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5th century BC Tombs at Pinara

Spratt’s and Forbes’ findings were published in their book Travels in Lycia (1847). However, Spratt was obviously unimpressed with the lack of credit he had received for his work in Lycia as his colleague, William Leake, wrote to Sir Roderick Murchison, the President of the Royal Geographical Society (RGS) on the 15th January 1854:

“Capt Spratt complains that his discoveries geographical and archaeological in Lycia and the adjoining parts of Asia Minor have never [been] noticed by any President [of the RGS] in his annual address, and I think he complains not without reason, those discoveries having been some of the most important that have been made in that country and of a nature particularly fitted to the objects of our Society.”

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Lycia in Turkey

Poor old Spratt. In fact, very little has been written about his achievements – until my excellent book, Dawn of Discovery, that is (go to ‘MY PUBLICATIONS’ tab on this blog or just click here).

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Next week: Ye Olde Bramber Castle Inn – a Pilgrim’s Progress

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Artemus Smith’s Notebooks

I continue my research of the notebooks of Dr Artemus Smith, archaeologist of great courage, determination and fiction. Here is another extract:

I was in a restaurant the other day and a customer was bothering the waiter. First, he asked that the air conditioning be turned up because he was too hot, then he asked it be turned down cause he was too cold, and so on for about half an hour. Surprisingly, the waiter was very patient as he walked back and forth and never once got angry. So finally, I asked him why he didn’t throw out the pest. “Oh, I really don’t care or mind,” said the waiter with a smile. “We don’t have air conditioning.”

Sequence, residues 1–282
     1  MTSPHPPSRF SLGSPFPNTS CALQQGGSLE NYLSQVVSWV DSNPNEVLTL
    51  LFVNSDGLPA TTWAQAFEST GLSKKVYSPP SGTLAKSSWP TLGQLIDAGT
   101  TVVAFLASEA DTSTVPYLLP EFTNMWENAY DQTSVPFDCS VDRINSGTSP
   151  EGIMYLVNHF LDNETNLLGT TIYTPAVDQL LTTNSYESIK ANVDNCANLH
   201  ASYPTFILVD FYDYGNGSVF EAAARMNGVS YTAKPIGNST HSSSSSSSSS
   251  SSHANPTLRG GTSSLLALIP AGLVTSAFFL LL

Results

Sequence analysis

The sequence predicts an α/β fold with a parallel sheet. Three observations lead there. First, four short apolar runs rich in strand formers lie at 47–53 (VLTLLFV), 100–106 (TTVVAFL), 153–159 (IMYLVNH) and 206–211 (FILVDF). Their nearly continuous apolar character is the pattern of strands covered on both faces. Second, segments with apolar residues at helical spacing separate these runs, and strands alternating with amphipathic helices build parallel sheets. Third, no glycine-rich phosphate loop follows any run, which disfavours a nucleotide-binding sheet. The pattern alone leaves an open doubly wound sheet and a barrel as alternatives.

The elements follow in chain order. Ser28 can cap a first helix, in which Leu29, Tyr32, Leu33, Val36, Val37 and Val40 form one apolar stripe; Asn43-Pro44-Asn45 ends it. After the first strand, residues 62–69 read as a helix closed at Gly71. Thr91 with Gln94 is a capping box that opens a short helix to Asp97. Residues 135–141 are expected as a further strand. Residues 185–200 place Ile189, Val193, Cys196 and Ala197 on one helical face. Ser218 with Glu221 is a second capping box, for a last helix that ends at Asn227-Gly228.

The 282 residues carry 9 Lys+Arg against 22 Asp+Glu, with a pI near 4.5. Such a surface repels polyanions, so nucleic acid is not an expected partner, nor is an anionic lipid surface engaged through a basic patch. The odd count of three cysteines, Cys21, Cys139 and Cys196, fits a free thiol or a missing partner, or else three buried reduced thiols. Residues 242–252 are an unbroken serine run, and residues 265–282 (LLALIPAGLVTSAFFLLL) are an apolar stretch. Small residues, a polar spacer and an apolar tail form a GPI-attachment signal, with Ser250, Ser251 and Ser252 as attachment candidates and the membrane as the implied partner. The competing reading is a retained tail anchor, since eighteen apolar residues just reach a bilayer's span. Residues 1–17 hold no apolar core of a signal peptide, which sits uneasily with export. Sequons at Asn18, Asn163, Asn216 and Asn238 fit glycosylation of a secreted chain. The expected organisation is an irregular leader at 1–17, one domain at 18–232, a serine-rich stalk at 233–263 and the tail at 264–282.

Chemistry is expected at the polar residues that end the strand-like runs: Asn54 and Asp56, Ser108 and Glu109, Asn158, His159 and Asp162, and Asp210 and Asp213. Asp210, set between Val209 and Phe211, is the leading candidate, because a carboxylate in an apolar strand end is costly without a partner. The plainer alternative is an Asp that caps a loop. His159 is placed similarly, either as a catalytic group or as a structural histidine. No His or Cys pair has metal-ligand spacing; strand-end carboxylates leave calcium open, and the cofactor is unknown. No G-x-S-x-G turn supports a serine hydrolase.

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Lord Elgin loses his marbles at Mycenae ….

Thomas Bruce, 7th Earl of Elgin, 11th Earl of Kincardine, was born in 1766, educated at Harrow and Westminster, at St Andrews and also in Paris. He joined the army in 1785 and rose to the rank of Major-General by 1835 but saw no military action. He began a diplomatic career in 1790 and was an Envoy to Brussels in 1792; Envoy Extraordinary at Berlin in 1795; Ambassador at the Porte (Constantinople) in 1799. He died in 1841 in Paris, deep in debt as a result of his expenditure on the Athens’ marbles (aka the ‘Elgin Marbles’) and other monuments (the marbles were sold to the British Museum in 1816 for £35,000, about half their true value then).

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Lord Elgin by Anton Graff around 1788

It was in 1799, when Elgin took on the role of ambassador in Constantinople, that his mission to collect antiquities began. He was in no doubt that part of his term in this office included the study of antiquity and said so much to the Select Committee of the House of Commons when offering the country his collection of sculptured marbles from Athens. He considered this aspect of his ‘diplomatic’ work a ‘service to the arts’ (yeah, right) and he appointed William Richard Hamilton, his private secretary, and his chaplain, the Rev Philip Hunt, for the purpose of this mission. Hunt was appalled to see the damage to the  Parthenon on the 5th century BC Acropolis at Athens caused by both the Turks and visiting ‘tourists’ from other countries and took the matter up with Elgin.

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Julian Fellowes (who wrote Downton Abbey) as Rev Philip Hunt in the TV film, Lord Elgin and Some Stones of No Value